An embattled abortion clinic in McAllen, Tex., which was the last provider of abortions in the vast Rio Grande Valley when new state restrictions forced it to stop last fall, will start operating again by this weekend, its owner said Wednesday, after last week’s favorable decision by a federal judge.
But whether the clinic, a branch of Whole Woman’s Health, and at least a dozen others in the state can remain open for long will be determined by a federal appeals court, which has scheduled a hearing for Sept. 12 in New Orleans.
Responding to an emergency request from Texas officials, the United States Court of Appeals for the Fifth Circuit will decide whether a district court overstepped last week when it blocked key parts of the sweeping abortion law adopted by Texas last year.
Last Friday, Judge Lee Yeakel of the United States District Court in Austin, Tex., ruled that requiring abortion clinics to meet the costly building and staffing standards of ambulatory surgery centers, as the 2013 law required, would place unconstitutional obstacles to women’s access to abortion. The requirement, which many medical experts said was unnecessary for patient safety, was supposed to take effect on Sept. 1, and it would have forced about 12 of the state’s remaining 19 abortion clinics to close.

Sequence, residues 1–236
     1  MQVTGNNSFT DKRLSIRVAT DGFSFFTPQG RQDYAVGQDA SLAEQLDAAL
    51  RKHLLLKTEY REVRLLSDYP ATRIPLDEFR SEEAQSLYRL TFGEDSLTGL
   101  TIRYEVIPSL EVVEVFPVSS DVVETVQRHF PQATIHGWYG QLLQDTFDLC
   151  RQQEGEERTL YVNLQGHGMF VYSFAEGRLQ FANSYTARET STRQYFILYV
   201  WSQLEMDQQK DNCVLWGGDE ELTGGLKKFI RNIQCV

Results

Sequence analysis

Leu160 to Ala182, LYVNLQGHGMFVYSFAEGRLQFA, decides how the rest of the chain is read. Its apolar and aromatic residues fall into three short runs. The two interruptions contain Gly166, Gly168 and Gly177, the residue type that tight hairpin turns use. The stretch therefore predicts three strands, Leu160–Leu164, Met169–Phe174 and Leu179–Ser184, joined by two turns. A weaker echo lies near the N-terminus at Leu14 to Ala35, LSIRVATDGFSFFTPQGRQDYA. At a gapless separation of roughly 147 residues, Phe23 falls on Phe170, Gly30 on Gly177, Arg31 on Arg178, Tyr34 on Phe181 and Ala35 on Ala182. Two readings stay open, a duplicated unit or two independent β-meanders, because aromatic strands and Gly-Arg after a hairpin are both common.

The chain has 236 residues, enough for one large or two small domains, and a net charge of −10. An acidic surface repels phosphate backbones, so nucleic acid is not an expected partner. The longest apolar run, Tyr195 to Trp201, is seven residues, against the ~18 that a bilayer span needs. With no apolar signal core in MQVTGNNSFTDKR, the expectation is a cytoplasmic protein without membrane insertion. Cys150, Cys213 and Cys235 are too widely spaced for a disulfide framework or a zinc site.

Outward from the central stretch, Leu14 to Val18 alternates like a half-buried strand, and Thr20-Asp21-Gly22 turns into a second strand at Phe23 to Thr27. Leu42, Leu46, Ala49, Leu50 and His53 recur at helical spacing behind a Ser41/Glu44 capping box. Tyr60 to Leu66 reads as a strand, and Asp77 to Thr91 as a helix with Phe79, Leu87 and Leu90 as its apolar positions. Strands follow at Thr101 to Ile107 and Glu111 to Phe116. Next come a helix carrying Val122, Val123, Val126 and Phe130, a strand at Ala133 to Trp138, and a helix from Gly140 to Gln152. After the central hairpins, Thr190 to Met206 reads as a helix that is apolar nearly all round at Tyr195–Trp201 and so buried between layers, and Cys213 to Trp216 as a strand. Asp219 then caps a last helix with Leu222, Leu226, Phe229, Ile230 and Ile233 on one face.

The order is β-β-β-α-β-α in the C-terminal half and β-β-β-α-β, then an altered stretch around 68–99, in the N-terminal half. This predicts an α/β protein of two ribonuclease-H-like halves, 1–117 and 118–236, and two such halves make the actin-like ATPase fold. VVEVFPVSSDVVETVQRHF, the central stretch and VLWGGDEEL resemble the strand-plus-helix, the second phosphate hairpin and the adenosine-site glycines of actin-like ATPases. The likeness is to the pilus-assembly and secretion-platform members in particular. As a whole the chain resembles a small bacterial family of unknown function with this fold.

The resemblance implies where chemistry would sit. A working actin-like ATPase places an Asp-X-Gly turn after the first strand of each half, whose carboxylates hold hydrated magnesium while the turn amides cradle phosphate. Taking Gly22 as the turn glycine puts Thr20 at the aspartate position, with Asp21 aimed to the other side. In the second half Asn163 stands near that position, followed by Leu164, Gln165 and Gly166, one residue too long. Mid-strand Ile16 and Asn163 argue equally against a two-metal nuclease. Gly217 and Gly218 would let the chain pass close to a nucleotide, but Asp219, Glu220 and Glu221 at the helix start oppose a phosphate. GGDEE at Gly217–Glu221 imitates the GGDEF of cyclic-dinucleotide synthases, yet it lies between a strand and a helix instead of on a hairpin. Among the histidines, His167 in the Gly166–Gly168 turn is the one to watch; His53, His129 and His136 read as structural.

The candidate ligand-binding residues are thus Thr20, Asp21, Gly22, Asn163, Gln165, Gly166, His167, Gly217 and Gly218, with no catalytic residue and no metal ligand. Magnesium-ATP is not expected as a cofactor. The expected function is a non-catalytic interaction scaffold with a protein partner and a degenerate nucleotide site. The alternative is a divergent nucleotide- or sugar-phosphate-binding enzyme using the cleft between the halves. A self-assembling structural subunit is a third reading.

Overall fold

In Friday’s decision, Judge Yeakel also partly rolled back a rule already in effect, a requirement that abortion clinic doctors have admitting privileges at local hospitals. That requirement, also described by medical experts as irrelevant to patient safety, has caused more than 20 clinics across Texas to close.
Judge Yeakel said the admitting-privilege rule should definitely not be applied to clinics in McAllen and El Paso. The evidence was clear, he wrote, that the rule had left women in South and West Texas with little practical access to abortions.